February is American Heart Month.
Heart disease is the leading cause of death for both men and women, but according to a Cleveland Clinic survey, many people mistakenly believe breast cancer is more of a threat.
“I think most people believe that breast cancer, or gynecological cancer, tends to be the biggest killer in women, but it still continues to be heart disease,” said Dr. Leslie Cho, director of the Women’s Cardiology Center at Cleveland Clinic. “The reason why that’s so important is because 90 percent of heart disease comes from risk factors that you can control -- blood pressure, cholesterol, smoking, diabetes.”
Results show millennials are most misguided with only 20% correctly identifying heart disease as the leading killer for women.
“I think when you’re young, you think you’re invincible, but heart disease starts at an early age,” Cho said. “It’s what we eat and it’s what we do.”
Many surveyed know heart attack symptoms for women include chest pain, shortness of breath, sweating, and pain in the neck or jaw, but less than half realize fatigue and nausea are signs of heart attacks for women too.
“Thirty percent of women have atypical symptoms, so, they tend to have things like shortness of breath, or extreme fatigue, so if you feel these symptoms, especially with exertion, it’s really important to go and be seen by your physician,” Cho said.
Exercise is a good way for everyone to keep their heart healthy, but women are more likely than men to say they never exercise, or exercise less than one hour each week.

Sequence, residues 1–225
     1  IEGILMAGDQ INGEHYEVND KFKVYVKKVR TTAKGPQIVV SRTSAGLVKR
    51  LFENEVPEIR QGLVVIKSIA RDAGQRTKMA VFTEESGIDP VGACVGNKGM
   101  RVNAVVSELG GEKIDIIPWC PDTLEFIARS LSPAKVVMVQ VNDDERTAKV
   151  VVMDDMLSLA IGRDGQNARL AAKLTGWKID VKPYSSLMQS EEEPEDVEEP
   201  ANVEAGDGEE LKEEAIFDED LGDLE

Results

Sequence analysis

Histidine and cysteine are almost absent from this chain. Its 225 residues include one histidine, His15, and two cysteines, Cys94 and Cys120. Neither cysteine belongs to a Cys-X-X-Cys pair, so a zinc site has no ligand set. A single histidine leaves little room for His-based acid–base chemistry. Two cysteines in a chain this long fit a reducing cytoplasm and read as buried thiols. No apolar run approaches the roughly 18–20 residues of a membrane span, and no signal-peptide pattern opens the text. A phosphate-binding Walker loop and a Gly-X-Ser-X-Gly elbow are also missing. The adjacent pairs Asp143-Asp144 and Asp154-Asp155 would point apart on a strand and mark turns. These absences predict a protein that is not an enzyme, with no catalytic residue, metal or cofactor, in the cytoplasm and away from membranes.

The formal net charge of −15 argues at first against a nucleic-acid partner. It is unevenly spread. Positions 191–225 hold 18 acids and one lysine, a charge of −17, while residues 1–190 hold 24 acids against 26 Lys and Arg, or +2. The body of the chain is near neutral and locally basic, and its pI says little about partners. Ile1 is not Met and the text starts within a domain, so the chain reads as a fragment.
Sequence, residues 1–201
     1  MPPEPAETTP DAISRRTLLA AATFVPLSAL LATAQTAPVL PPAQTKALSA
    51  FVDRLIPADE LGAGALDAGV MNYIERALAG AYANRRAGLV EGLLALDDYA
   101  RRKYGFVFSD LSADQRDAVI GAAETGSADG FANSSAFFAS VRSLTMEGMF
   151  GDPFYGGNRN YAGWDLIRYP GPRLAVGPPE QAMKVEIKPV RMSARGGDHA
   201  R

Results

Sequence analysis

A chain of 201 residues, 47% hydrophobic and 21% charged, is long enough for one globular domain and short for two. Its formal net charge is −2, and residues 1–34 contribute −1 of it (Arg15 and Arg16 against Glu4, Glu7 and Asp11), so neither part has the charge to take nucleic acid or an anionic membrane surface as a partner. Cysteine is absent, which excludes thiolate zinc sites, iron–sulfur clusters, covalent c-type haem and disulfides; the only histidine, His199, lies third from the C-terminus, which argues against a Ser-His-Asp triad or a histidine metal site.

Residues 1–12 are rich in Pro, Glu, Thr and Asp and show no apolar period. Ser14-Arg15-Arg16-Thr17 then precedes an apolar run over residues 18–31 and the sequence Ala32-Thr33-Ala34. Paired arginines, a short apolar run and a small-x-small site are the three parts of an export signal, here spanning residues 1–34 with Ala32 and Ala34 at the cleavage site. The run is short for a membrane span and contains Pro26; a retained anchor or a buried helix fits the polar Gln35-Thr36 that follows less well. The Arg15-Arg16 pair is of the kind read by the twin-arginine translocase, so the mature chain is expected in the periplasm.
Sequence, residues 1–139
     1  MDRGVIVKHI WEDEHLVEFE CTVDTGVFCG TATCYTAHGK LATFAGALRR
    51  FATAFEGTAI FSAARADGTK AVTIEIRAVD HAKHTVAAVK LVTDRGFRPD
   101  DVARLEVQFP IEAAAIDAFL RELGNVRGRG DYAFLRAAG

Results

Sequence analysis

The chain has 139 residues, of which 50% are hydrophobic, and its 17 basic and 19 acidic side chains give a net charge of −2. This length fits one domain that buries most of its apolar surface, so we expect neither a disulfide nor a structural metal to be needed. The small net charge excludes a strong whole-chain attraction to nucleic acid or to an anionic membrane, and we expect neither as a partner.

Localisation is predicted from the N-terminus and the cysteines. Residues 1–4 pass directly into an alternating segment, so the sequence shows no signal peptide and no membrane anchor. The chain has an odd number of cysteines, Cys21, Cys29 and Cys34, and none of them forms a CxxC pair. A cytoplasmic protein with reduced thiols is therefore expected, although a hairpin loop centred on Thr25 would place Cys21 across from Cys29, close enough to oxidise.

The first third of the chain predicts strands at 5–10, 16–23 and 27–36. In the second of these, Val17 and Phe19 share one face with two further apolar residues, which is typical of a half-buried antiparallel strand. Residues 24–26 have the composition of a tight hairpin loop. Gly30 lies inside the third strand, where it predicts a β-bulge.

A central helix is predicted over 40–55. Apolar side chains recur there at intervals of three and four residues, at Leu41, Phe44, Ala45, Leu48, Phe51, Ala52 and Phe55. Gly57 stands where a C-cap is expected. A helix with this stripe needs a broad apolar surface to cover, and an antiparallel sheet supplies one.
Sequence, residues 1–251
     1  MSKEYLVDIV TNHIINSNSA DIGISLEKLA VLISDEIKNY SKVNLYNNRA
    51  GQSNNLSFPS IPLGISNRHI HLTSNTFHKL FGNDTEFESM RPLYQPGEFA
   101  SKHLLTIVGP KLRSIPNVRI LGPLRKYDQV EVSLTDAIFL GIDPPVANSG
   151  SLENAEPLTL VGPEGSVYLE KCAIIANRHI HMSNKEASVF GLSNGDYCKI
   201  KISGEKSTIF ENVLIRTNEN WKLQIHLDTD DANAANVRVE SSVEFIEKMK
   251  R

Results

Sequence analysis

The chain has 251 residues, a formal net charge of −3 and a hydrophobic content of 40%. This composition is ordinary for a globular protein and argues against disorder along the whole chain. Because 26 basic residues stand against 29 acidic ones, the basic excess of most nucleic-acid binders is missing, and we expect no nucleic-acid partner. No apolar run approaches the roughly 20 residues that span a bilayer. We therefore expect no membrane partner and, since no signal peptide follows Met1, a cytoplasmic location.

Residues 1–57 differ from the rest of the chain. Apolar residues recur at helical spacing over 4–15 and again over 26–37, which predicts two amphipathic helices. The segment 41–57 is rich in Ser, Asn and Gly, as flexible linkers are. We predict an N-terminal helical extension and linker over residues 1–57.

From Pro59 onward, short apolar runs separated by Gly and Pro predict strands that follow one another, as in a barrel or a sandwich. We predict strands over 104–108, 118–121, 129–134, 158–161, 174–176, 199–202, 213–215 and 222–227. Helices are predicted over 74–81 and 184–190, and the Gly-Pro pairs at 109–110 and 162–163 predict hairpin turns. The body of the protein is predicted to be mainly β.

According to the American Heart Association, only one in five adults and teens get enough exercise to maintain good health.
“It’s one of the most amazing things we can do for our body -- exercising,” Cho said. “The best exercise gets your heart rate up and you are sweating.”
Cho said women should aim for 150 minutes of exercise per week.
Personal trainer Nemiah Rutledge, who owns Body Paradox, said that exercise can be 2.5 hours of moderate-intensity cardio or 75 minutes of vigorous training.
"It cuts down on high blood pressure, cuts down on strokes, hypertension, Type 2 diabetes, and dementia and Alzheimer's,” Rutledge said.
And the treadmill isn't the only way to get your heart going.
"One exercise is doing kettlebell walks, making sure you keep the chest up high, shoulders back and keeping the core tight,” Rutledge said.
Plank jacks are another exercise to get your heart rate up. Football chops with alternating touchdowns allow you to get your cardio quick in limited space, and side-to-side bends double as cardio and an ab workout.
Cho said the good news is that even if you have a family history of heart disease, it is preventable by incorporating a healthy lifestyle, not smoking and keeping blood pressure, cholesterol and diabetes under control.